OKLAHOMA CITY (AP) _ Only a simple majority of the Oklahoma Legislature is needed to approve a bill that would allow a statewide vote on a lottery, officials have learned.
Previous statements by Gov. Brad Henry's office and legislative leaders have centered around whether a two-thirds, or super-majority, of legislators would be needed to pass House Bill 1278 and send it to voters.
Oklahoma Attorney General Opinion No. 73-183 states that a simple majority will suffice because the question would not modify the state Constitution.
``The only place a two-thirds vote is required is under Article 14 of the Oklahoma Constitution when the Legislature proposes an amendment to the Constitution,'' the opinion reads.
The way the measure is written, Henry could choose an election date, said Larry Warden, the House's chief clerk. The proposed bill also could be amended to include a date from the Legislature, Warden said Tuesday.
Rep. Clay Pope, who is chairman of the House Revenue and Taxation Committee, said he found out the bill would not need a super-majority to call a quick election as he researched it and other proposals for committee hearings.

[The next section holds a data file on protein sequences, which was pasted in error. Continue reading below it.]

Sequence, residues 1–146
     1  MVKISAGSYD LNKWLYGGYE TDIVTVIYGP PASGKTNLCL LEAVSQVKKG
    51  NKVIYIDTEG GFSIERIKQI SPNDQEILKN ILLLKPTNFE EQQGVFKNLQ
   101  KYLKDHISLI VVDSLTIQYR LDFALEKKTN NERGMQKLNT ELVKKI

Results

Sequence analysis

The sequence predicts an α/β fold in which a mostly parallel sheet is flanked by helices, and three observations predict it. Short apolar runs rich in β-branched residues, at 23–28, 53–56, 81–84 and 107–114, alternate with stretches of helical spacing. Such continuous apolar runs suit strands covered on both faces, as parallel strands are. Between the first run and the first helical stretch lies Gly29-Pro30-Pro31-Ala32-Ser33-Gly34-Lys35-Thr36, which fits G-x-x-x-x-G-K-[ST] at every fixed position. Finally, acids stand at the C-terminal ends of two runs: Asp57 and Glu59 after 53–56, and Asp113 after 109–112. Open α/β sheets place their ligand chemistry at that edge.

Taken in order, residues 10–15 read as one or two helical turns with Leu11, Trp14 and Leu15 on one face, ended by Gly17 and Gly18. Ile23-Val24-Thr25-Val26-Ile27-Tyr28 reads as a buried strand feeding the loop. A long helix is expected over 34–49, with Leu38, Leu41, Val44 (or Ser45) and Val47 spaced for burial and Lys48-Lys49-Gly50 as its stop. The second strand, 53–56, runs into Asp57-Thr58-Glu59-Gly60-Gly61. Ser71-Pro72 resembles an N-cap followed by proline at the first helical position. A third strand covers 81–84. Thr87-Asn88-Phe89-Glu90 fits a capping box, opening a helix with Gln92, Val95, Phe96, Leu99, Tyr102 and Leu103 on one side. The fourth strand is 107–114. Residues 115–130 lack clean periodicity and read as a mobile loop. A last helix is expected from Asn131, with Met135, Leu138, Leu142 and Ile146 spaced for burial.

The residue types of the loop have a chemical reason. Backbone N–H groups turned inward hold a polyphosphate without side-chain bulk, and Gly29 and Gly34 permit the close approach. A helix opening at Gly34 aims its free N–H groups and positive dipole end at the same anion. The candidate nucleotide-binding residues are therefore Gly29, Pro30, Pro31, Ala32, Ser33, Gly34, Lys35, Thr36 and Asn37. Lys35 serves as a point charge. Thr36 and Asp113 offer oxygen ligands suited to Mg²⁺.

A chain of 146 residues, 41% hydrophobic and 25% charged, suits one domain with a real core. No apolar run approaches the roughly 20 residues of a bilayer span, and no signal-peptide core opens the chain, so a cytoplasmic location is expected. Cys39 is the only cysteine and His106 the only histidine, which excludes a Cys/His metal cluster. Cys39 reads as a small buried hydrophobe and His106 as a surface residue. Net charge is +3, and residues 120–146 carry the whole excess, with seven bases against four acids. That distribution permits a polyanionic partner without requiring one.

``I am looking at the ... bill right now the same way I am looking at all the other revenue-raising bills we have before the committee,'' Pope, D-Loyal, said. ``Is it something that is good public policy? Something that has a chance of passing?
``Clearly, with it only needing a simple majority, yeah, it has a fighting chance, and I think that is probably one of the things that must be considered.''
Other measures Pope has before his committee include one that would raise excise taxes on cigarettes and another that would increase gasoline and diesel taxes.
Those likely would require three-quarter majority votes in the House and the Senate to be enacted without a statewide vote of the people.
Oklahomans created that requirement with their approval of State Question 640, a constitutional change making it more difficult to increase taxes.
Paul Sund, Henry's director of communications, said the governor continues contemplating whether a constitutional change might be needed to make the lottery he envisions a reality.
``The legal minds are still wrestling with whether a constitutional change will be necessary or not,'' Sund said. ``That is why he has been referring to the super-majority.''